- Jump curves or create the next curve. Keep moving.
- “Don’t worry; be crappy” In other words, ship, test, and keep improving. It’s OK if you’re 10X better than what is. You don’t need to be 100X better, e.g., bad toilet paper is still a lot better than crumpled leaves.
- “Churn baby churn.” Do versions 1.0, 2.0 3.0, X.0. Do R&D and continual product improvement
- Break down barriers – enable people to test drive your product or service sooner, rather than later
- Evangelize – don’t just sell. Show that what you have to offer is in their “best interest “. Show how it will make the world a “better place”. Capture their heart and head. It’s better to legitimize the revolution than to win the battle. Better to legitimize the web than to win market share on the internet.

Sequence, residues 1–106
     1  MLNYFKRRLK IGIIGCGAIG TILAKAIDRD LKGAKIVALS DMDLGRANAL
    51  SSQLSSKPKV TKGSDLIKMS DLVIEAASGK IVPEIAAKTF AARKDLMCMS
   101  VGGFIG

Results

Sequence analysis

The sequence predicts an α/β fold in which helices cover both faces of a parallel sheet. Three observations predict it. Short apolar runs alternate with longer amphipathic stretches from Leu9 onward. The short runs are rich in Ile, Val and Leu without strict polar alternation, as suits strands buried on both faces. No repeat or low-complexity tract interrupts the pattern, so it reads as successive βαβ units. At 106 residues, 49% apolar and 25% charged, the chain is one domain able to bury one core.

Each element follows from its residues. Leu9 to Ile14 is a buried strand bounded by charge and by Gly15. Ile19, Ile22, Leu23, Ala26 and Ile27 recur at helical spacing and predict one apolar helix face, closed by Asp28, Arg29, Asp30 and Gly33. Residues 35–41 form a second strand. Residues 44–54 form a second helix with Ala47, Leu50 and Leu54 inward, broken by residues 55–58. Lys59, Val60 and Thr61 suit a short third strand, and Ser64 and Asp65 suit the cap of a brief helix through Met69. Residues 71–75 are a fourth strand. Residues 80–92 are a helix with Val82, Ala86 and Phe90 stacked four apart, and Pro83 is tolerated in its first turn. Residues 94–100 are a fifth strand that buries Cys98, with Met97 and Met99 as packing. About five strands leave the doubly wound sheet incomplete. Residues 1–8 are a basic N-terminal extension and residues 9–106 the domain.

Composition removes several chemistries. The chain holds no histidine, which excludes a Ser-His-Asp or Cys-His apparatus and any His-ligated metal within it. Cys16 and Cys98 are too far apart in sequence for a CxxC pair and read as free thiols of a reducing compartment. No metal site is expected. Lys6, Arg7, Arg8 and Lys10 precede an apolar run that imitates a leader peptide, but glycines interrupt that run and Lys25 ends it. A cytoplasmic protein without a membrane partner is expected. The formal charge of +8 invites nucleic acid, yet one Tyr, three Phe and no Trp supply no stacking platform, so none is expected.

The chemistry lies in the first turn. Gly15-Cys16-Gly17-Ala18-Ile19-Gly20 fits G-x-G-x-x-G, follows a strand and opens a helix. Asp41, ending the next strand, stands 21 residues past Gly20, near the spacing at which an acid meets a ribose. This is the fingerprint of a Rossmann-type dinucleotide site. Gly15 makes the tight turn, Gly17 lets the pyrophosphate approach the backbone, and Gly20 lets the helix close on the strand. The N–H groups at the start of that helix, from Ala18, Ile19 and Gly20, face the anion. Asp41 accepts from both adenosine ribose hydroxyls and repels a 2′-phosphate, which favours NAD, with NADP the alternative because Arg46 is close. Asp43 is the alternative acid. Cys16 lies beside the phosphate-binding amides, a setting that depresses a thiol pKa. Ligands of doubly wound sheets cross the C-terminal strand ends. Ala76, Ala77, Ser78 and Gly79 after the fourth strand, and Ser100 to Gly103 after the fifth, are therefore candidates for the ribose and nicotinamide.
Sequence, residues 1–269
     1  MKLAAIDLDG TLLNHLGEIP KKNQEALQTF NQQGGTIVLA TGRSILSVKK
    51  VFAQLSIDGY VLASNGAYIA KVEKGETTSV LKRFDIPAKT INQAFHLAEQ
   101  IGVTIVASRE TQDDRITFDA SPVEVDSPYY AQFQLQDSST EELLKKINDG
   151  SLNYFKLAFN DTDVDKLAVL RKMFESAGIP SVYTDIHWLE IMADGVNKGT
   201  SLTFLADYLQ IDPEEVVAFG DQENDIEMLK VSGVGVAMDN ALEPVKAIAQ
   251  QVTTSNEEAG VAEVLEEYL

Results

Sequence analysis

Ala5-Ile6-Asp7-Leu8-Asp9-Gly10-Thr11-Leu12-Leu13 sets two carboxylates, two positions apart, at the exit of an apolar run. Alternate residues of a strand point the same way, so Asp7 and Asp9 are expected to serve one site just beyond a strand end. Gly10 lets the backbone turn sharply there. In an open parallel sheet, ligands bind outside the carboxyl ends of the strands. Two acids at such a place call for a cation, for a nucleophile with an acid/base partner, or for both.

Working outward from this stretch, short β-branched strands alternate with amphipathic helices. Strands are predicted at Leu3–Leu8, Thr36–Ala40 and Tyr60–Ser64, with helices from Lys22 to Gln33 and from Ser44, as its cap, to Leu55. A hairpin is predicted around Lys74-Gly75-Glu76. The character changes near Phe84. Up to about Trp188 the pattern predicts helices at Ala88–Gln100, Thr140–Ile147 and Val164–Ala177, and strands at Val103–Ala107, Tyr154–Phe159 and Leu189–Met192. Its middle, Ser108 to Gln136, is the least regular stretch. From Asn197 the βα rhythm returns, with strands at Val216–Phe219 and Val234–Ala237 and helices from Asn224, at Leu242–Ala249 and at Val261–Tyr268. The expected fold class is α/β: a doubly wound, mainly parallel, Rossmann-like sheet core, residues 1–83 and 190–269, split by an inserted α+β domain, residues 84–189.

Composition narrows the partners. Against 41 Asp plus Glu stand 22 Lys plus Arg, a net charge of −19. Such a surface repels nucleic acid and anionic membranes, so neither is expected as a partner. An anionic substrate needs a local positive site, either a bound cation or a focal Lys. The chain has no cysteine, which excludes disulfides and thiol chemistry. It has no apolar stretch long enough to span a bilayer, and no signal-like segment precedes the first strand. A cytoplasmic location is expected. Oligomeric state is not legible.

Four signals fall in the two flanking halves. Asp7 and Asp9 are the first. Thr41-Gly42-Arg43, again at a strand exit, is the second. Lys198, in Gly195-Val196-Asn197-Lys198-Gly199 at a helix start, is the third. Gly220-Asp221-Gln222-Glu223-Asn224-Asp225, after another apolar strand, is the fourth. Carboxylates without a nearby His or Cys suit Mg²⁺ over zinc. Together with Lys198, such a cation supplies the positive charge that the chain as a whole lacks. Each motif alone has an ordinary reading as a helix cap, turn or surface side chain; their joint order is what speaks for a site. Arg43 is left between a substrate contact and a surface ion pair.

- Let 1000 flowers bloom. Think of the many applications of your concept
- Eat like a bird; poop like an elephant. Birds eat 50% of their weight every day. Be a voracious eater of information
- Think digital; act analog
- Never ask people (consumers or customers) to do what you would not do yourself
- Don’t let the bozos grind you down. Don’t give up. [“ Bozocity” often happens when someone has been successful in one curve, gets stuck, and finds it impossible to move to the next curve (or find value in your new product or idea)].
I hope you find these Ten Tips useful.
Jana B. Matthews
Chief Executive Officer
The Jana Matthews Group